Arctium lappa (Burdock)

Overview of Burdock (Arctium lappa)

An excellent general health herb. Functions primarily on the kidneys. Secondarily has a somewhat aggravating lymphatic action, as well as a sweeping effect on the entire gastrointestinal system.
Overall a rock-star herb for detoxification, and is especially useful in cases of: psoriasis/eczema, in a combination with other kidney herbs for its antilithic effect, or any rheumatic or inflammatory conditions.
Suitable as a kidney/lymphatic herb in a milder lymphatic formula.
Finding a complementary herbal partner for easing the potential aggravation is ideal, such as Yellow Dock, Sarsaparilla, or most kidney herbs. The seeds (fruit) are interesting and potentially more powerful in some aspects, having an effect directly on preeclampsia and being potentially better at breaking stones.  
*There is a vague controversy about this herb, a fear that it is too powerful or must be used slowly; and surely it is true that caution and slow trial is pertinent; but the fear, in my opinion, is likely due to an ignorance of the paradoxical symptoms of detoxification, which pervades much of herbal doctrine. 

Family: Asteraceae
Parts Used: Roots (sometimes leaves)


Lignans (arctigenin, arctiin, matairesinol & Lappaol F)
Polysaccharides (up to 50% inulin)
Tannins, Sulphur-containing polyacetylenes, Sesquiterpene lactones (arctiopicrin), nutrients, flavonoids, volatile oils (terpenoids), hydroxycinnamic acid derivatives. 



A biennial that grows 3-4 feet tall in its first year. Leaves are large and deep green, heart shaped, somewhat coarse and fuzzy. In the second year of growth Burdock sends up its flowering stalks, which reach 7-8 feet. Flowers are pinkish-purple on top of prickly burrs. Taproots are dense and fleshy in the first year, growing up to 2 feet in depth. In the second year the roots become woody, hollow, and their medicinal value declines. 


Depurative (removes impurities), Bitter, Mild laxative, Mild Diuretic, Anti-rheumatic, Anti-inflammatory, Anti-lithic (stops build-up / dissolves kidney stones), hypoglycaemic (regulates blood sugar), Anti-carcinogenic, Anti-microbial, Diaphoretic.


“Root in wine for snake bites, mixed with salt the root eases pain, also wild dog bites; breaks kidney stone and expels” – Culpepper
Fresh root has been used for lowering blood sugar, and due to inulin content is favourable for diabetics. 
“Acts slowly and mildly upon the organs of elimination (kidneys, skin, bowels), particularly when there is irritation” – Cook 
“Certain remedy in all skin ailments, particularly when combined with Yellow Dock or Sarsaparilla; seeds and root can be boiled down from 1 oz to a pint (decoction; though Moore recommends cold infusion) ; infusion of leaves are useful for strengthening and toning the stomach in cases of long-standing indigestion. The leaves as poultice are also useful for tumours or gouty swellings” – Mrs Grieve.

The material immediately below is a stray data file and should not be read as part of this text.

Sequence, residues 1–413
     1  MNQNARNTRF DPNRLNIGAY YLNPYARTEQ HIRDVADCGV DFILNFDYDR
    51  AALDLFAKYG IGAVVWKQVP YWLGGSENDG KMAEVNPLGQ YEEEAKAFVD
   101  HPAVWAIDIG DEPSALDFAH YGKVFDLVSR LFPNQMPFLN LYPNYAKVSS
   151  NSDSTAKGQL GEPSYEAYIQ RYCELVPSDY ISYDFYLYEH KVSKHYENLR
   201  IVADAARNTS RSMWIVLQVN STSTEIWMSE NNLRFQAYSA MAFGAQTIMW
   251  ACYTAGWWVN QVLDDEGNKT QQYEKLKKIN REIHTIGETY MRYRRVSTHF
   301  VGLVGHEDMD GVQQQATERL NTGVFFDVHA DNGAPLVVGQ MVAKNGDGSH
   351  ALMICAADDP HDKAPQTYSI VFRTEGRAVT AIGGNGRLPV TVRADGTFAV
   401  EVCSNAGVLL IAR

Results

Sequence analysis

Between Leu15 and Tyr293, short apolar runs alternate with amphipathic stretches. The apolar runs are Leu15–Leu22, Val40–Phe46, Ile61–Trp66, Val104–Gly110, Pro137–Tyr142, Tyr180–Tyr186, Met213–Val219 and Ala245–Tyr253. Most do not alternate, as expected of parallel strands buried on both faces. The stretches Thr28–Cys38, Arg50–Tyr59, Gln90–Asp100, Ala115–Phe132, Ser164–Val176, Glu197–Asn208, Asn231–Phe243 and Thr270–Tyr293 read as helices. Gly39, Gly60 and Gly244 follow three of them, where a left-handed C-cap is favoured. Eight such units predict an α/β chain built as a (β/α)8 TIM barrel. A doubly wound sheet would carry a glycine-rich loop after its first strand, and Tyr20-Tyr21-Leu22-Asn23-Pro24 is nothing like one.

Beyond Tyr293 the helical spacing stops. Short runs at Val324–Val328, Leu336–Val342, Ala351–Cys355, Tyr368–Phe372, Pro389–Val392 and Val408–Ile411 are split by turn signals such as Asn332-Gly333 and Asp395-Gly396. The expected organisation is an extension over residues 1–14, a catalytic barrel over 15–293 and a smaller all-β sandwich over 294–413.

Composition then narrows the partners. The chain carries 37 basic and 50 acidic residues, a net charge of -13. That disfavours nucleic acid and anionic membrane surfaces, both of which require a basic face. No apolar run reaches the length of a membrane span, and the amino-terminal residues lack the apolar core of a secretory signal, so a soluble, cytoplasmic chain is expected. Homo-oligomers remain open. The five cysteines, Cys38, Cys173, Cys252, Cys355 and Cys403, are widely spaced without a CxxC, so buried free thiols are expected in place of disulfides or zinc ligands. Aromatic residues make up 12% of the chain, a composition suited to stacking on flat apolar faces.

“The seed drunk with wine for 40 days is a wonder for sciatica (pain resonating from the lower back shooting into the leg) “ Culpepper.

Medicinal Actions:

Eczema, psoriasis, boils, chronic inflammation, acne, increased healing of wounds, root oil used in hair growth (alopoecia), rheumatic issues, gout, digestive bitter, stimulates appetite, eliminates uric acid through kidneys, cystitis, kidney stones, allergy, food intolerance, tonsilitis, high blood sugar. 

“IgE allergies, elevated uric acid, water retention, and “blood purifying” (Seeds for pre-eclampsia in third trimester)” – Moore

Cautions & Contraindications:

Asteracea allergy (no known drug/herb interactions).
Can potentially precipitate preeclampsia in severely toxic persons; reaction would be edema and high blood pressure. Gradual use is recommended. 


USDA zones 3-7
Burdock is a pioneer species that grows well in waste places, so usually can be wild harvested in preference to farming. Not picky about sun exposure. Grows in any soil, but roots best in light, well-drained soil (preferably rich in organic matter). Is overall resilient and will also grow in damp soils. Seeds germinate easily and can be sown directly in the field in autumn or early spring (stratification increases germination). 18 inches – 3 feet apart. 
Keep them 6 inches apart in rows. 1 Inch deep in autumn, 1/2 – 3/4 inch deep in spring. Yields 1500-2000 lb root / acre (fresh). Collect first years root, dig them up in July. Should be 12+ inches in length, 1 inch thick, sometimes extend 2-3 feet, making it necessary to dig by hand. Leaves, less used, are also collected in July. Seeds (actually fruits) are collected when ripe (high amount of potassium from them).


This Post was all about Arctium lappa (Burdock)

If you've read the entire article, well done! You're well on your way to increasing your knowledge of natural healing and escaping the cave. If you are seeking an iris reading, an herbalist, or to walk a path of detoxification, take a look at our website. I'd love to help you onto a path of regeneration. 
Justin McArthur

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